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In comics, decompression is a stylistic storytelling choice characterized by a strong emphasis on visuals or character interaction, which, in turn, usually leads to slower-moving plots.
The style is often used with widescreen comics.
Decompression developed a strong presence in mainstream American comic books in the 1990s and 2000s. Traditionally, American comics first appeared as anthologies featuring multiple short stories per issue, usually with different characters, which continued for decades in the back-up story pages. The done-in-one format prevailed for a long time eventually becoming seconded by open ended multiple-subplots that characterized the '70s and '80s in American comics.
Decompression is often claimed to be a result of the growing influence of manga on the international comics scene. Manga, traditionally less expensive per page than American comics due to higher circulation and black and white printing, extensively uses decompression as a storytelling style. This style of storytelling which was influenced by film storyboarding was first popularized in manga by cartoonist Osamu Tezuka with his 1947 manga Shin Takarajima (New Treasure Island). Tezuka's more "cinematic style" was so successful that it caught on with other cartoonists in Japan and eventually spread throughout the world with works such as Katsuhiro Otomo's epic Akira which was one of the first manga to become popular within the American comicbook community.
A manga that uses this style successfully (and one of the first ones in the latest years) is Blame!, thought to have influenced American artists.
One of the first commercially successful American comics to use decompression as its dominant style was the first twelve issues of The Authority by Warren Ellis and Bryan Hitch. In the wake of that book's success, decompression was widely adopted across the American comics industry with varying degrees of success.
Many alternative American cartoonists make use of decompression, most notably those who are directly influenced by manga, like Bryan Lee O'Malley.
Some French comic books use decompression as a storytelling technique. Most notable are artists associated with the Franco-Japanese La nouvelle manga movement such as Frédéric Boilet (Yukiko's Spinach) and Vanyada (The Building Opposite).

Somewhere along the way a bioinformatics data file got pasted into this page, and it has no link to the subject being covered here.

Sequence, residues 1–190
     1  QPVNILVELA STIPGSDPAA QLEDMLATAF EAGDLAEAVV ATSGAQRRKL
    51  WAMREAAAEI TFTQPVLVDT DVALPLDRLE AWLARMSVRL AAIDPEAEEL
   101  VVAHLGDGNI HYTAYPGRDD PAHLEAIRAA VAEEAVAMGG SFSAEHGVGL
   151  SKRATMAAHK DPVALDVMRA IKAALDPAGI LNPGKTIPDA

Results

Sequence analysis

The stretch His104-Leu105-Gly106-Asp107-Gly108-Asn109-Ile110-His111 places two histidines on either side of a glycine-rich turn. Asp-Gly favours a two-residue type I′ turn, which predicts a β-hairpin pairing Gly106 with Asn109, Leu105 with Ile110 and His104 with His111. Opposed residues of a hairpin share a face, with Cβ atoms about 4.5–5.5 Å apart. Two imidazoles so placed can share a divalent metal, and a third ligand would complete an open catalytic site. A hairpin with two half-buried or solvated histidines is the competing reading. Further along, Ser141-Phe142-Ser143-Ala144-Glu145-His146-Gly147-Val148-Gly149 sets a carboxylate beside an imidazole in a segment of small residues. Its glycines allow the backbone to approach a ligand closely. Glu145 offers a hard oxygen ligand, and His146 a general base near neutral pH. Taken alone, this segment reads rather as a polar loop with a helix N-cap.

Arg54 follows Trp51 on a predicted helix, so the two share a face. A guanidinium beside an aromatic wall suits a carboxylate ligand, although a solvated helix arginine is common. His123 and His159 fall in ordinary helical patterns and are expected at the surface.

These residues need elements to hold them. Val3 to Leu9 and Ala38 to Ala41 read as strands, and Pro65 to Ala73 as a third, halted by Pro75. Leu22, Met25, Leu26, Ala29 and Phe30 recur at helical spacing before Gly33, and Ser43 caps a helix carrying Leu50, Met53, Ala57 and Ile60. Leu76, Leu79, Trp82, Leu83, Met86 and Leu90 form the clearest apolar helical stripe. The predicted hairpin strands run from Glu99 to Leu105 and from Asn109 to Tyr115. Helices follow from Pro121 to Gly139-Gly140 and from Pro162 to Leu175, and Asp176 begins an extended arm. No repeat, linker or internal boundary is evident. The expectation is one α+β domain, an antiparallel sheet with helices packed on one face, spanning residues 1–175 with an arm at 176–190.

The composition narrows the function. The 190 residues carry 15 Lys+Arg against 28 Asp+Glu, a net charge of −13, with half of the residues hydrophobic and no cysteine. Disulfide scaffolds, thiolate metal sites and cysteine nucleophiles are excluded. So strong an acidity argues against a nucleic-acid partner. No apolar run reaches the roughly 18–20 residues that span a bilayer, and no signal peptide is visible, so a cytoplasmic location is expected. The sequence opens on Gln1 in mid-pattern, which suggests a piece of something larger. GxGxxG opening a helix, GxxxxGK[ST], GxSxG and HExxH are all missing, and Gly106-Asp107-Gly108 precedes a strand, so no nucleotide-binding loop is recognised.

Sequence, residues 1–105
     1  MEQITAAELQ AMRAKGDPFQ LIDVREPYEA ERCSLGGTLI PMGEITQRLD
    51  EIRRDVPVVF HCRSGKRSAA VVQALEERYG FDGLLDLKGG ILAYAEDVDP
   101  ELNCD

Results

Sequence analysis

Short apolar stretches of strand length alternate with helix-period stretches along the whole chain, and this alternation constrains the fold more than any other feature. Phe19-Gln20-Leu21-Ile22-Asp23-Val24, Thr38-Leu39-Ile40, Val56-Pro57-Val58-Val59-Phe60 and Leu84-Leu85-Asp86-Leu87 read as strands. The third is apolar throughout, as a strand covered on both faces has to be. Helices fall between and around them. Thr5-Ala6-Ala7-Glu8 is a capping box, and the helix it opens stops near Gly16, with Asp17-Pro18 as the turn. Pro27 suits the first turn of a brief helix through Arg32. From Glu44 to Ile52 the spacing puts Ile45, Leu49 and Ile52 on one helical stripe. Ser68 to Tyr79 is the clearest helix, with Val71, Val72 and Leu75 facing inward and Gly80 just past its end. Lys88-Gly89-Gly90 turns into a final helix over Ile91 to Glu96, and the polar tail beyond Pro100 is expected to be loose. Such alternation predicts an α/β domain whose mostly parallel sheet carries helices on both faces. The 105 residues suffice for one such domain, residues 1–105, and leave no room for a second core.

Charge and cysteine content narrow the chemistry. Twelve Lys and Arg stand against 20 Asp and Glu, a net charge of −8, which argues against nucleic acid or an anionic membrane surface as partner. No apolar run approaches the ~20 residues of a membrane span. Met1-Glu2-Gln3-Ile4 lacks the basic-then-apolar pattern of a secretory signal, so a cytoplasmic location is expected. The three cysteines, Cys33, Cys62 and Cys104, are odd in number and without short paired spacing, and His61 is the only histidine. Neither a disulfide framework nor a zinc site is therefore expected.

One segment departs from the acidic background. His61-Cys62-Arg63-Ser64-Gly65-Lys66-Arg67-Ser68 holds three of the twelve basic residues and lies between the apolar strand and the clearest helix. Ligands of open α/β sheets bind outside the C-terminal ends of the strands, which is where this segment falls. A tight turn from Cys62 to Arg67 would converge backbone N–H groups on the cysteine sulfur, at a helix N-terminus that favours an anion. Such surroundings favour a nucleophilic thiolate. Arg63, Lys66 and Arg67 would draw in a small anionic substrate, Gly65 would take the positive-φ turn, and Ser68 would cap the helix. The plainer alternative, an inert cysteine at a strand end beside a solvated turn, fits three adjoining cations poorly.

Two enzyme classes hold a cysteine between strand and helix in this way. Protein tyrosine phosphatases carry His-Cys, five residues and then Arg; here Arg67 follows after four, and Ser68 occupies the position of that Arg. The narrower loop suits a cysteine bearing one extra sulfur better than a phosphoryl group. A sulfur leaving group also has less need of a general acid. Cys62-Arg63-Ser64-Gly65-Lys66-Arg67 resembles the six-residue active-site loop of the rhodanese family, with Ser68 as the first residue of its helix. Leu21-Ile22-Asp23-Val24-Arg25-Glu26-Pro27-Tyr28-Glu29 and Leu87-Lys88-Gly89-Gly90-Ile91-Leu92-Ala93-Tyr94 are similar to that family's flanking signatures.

Dave McKean's Cages is an example of the usage of decompression, with its extensive use of this style. Cages' storyline spans more than 500 pages but focuses on a relatively short stretch of time.
Decompressed stories have been the cause of considerable controversy and debate amongst the comics fandom. Many detractors accuse their writers of unnecessarily stretching out the page length of plots, thinning out the content per page in order to earn more sales and money for a limited amount of work. Defenders of the style claim that decompressed stories are not stretched out, but rich in character development and mood rather than plot progression. Some see the phenomenon as driven by the increasing popularity of trade paperbacks, which typically collect an average of six comic book issues in a volume and thus provide a target length for stories to fit.
In response to criticism of the widespread use of decompression in mainstream American comics, writers Warren Ellis, Dan Slott, and Brian Wood have each experimented with compressed storytelling. Ellis' series Fell, Global Frequency, and Planetary each adhere to the format of single issue stories, and Nextwave is told only in two issue arcs. Slott's stories in She-Hulk and Thing also maintain only one, two, or three issue story arcs, and his contribution to the 2005 edition of Amazing Fantasy #15 use what he referred to as "hypercompressed" storytelling: 6 writers were given 8 pages each to premiere a new character, and Slott elected to tell four stories with his character, each one a mere two pages. Brian Wood's indie series Demo and Local are all single-issue comics, in some cases with no recurring characters from one issue to the next, creating a true self-contained short story experience.